I’m a big believer in the contract between an author and her readers. I thinks it’s important that, early on, the author lets the reader know just what kind of journey to expect. It’s a subtle thing and it can be a small one, but, to my mind, it’s often the difference between a successful book and one that is not so much.

Whether by instinct or design, in A Raw Mix of Carelessness and Longing (Brindle & Glass) Cecelia Frey nods her tacit agreement to this principle. By way of proof, I offer the opening lines:

Terrabain Street goes around and around in my head like a song I can’t get rid of. It’s driving me crazy, I said to Zeke. It’s like a stuck CD.

Write it down, Zeke said. Get it out of your head and down on paper.

I don’t know how, I said.

Write it like a song, he said. You’ve written a hundred songs.

With these few lines, Frey skillfully establishes a sense of rhythm and place for A Raw Mix of Carelessness and Longing because, even if we don’t know right away where Terrabain Street is fixed on terra firma, we understand spiritually where it is: almost every major city has one, or did at one time. A street or a district overcome by youth culture, the rhythms and spirit of a time.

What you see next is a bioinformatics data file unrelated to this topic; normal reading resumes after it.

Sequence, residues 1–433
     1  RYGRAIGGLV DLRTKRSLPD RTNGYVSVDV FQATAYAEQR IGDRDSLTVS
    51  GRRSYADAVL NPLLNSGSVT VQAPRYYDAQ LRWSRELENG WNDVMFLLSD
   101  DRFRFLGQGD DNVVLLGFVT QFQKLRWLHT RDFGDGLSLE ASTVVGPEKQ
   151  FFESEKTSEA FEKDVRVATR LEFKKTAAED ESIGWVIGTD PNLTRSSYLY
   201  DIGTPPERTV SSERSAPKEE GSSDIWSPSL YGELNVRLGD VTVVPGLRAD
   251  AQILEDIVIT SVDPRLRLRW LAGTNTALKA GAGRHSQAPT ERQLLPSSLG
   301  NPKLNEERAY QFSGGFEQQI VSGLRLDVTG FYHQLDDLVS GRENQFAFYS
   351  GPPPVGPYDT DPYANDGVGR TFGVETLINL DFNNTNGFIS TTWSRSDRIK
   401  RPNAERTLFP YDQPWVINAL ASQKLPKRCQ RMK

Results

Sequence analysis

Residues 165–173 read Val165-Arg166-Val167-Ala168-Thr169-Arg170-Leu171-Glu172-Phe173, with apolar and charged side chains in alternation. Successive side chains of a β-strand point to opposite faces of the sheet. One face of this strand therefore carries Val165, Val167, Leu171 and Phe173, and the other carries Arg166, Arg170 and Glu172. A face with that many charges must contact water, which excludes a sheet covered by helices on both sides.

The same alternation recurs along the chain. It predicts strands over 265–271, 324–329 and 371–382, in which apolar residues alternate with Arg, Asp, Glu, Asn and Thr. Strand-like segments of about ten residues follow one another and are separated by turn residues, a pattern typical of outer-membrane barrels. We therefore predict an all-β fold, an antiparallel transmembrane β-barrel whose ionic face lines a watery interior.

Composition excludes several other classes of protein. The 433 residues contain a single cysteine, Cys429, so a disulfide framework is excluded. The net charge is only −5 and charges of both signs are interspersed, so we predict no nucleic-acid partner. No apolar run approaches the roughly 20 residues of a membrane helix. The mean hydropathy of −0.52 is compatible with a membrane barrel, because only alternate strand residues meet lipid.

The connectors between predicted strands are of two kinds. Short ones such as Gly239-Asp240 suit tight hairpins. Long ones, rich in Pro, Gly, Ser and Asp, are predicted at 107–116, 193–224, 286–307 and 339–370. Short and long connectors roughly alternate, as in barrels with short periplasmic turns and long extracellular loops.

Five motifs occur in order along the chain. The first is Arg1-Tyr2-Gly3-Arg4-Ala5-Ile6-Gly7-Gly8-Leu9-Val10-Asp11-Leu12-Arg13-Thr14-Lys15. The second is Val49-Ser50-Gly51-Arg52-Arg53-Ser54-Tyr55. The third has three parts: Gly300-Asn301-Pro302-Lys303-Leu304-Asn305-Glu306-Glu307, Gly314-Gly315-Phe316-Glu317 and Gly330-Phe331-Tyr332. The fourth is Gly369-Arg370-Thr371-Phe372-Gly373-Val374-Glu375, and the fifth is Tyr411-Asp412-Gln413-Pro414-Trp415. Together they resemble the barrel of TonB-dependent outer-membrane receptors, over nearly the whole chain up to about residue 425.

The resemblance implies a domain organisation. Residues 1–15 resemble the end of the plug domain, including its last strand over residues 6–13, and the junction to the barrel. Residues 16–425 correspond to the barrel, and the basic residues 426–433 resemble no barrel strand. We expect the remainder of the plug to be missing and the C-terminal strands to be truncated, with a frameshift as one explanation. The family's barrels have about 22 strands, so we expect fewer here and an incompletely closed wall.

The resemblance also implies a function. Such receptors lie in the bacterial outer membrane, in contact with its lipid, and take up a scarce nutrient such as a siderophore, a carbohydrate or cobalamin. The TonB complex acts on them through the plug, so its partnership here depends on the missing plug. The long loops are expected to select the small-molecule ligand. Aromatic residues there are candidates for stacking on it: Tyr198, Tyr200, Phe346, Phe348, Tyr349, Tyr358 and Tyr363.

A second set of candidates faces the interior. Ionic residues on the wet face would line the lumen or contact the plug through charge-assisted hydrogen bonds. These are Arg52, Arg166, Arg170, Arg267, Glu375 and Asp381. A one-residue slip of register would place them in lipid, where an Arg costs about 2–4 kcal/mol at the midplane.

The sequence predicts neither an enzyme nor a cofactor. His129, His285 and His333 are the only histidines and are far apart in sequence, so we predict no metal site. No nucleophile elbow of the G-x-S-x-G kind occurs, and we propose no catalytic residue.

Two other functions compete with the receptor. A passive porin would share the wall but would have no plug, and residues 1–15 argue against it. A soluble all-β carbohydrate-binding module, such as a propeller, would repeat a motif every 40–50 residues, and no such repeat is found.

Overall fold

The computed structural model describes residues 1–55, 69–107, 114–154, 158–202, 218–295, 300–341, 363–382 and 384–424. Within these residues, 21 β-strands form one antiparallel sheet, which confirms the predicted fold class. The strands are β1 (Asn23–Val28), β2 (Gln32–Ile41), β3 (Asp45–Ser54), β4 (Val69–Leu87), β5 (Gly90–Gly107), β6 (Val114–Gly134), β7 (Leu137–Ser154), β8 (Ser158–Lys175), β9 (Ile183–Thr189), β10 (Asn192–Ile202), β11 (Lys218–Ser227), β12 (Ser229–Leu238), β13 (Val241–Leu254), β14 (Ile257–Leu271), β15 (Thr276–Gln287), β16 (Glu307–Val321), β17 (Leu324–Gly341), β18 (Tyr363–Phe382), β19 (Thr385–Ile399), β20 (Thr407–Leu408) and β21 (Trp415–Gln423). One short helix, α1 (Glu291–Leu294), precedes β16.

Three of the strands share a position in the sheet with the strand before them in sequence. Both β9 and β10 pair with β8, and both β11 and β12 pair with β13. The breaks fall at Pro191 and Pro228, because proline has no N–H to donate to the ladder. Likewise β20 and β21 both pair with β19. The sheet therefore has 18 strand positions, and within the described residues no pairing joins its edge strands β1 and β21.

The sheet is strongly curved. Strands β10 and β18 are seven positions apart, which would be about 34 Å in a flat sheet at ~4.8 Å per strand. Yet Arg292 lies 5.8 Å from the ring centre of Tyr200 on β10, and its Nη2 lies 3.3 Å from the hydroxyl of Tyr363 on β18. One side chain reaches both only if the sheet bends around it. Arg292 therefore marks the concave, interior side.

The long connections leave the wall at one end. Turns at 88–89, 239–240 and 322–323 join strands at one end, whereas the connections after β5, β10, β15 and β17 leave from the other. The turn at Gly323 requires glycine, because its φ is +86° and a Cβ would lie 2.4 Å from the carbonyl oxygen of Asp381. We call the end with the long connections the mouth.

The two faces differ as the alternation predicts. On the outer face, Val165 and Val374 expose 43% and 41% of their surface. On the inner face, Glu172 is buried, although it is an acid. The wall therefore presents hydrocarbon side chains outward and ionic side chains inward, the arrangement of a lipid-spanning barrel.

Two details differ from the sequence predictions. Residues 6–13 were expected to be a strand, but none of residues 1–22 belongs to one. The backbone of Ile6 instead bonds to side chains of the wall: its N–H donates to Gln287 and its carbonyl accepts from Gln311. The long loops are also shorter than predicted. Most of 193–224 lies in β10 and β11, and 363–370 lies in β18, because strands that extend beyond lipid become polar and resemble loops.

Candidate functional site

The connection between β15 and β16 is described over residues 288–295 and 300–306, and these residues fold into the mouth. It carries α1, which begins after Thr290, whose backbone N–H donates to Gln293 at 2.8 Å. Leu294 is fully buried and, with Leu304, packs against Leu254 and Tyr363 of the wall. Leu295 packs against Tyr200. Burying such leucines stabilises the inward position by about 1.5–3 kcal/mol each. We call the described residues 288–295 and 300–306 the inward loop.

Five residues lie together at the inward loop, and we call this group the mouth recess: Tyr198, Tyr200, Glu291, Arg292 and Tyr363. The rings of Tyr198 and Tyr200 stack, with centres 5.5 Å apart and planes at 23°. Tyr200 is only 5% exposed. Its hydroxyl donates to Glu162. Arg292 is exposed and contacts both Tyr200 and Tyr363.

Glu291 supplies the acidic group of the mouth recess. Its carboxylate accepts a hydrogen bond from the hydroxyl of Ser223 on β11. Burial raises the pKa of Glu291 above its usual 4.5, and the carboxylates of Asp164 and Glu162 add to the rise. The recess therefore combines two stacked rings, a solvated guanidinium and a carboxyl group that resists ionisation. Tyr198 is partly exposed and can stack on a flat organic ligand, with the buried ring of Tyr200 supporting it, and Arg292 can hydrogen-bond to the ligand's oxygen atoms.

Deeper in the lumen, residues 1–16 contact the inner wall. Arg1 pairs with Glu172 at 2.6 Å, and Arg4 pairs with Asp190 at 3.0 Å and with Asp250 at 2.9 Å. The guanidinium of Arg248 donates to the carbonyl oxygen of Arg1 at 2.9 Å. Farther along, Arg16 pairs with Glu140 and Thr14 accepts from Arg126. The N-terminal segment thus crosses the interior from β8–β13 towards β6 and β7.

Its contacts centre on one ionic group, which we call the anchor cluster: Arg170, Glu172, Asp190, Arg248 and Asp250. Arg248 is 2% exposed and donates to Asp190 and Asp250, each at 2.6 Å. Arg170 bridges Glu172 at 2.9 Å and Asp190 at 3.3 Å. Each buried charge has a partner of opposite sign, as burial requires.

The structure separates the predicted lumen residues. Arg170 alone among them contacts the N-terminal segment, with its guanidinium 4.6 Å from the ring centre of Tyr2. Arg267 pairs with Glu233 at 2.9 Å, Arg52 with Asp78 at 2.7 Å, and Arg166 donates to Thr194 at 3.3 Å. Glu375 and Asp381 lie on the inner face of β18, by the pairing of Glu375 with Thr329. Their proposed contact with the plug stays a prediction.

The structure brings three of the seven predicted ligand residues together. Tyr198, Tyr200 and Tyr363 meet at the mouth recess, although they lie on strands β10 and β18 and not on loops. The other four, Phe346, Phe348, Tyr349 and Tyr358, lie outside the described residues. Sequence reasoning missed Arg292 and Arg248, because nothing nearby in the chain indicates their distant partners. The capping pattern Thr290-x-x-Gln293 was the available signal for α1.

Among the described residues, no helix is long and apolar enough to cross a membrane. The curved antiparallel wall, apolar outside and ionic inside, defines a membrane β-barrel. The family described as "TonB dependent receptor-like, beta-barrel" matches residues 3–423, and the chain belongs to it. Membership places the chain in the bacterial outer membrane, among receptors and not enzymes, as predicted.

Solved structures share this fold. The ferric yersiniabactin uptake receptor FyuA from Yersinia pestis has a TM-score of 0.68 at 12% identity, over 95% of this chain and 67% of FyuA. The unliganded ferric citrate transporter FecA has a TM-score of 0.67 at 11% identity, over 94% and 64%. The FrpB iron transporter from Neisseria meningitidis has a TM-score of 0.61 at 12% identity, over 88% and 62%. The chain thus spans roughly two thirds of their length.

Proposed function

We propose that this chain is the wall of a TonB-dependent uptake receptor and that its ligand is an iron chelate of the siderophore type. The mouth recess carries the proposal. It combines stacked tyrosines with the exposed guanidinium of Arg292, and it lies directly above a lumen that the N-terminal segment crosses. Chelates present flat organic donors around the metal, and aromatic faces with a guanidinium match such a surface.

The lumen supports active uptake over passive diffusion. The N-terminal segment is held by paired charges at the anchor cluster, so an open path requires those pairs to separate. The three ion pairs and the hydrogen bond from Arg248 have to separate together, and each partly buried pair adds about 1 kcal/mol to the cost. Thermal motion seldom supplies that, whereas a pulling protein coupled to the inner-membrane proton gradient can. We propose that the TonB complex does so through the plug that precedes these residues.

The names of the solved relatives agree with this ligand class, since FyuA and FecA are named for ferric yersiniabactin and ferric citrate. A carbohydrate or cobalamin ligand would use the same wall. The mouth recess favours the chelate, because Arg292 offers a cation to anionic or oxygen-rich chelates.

And these are rhythms that are impossible to resist. At least, they were for me. Frey’s characterizations are raw and sweetly familiar. The reckless and daring Lilah Cellini in love with musician Jamey Popolowski. The realities of traveling with Jamey’s band ultimately help Lilah to a better understanding of what she herself needs.

Those who were moved by Michael Turner’s Hard Core Logo will find resonance in A Raw Mix of Carelessness and Longing. It’s a very different story and, certainly, a very different type of book but, in a few important ways, the journey is similar. Frey’s novel is a beautifully told coming of age story set against the grimy backdrop of the Western Canadian music scene. A hypnotic, memorable book.

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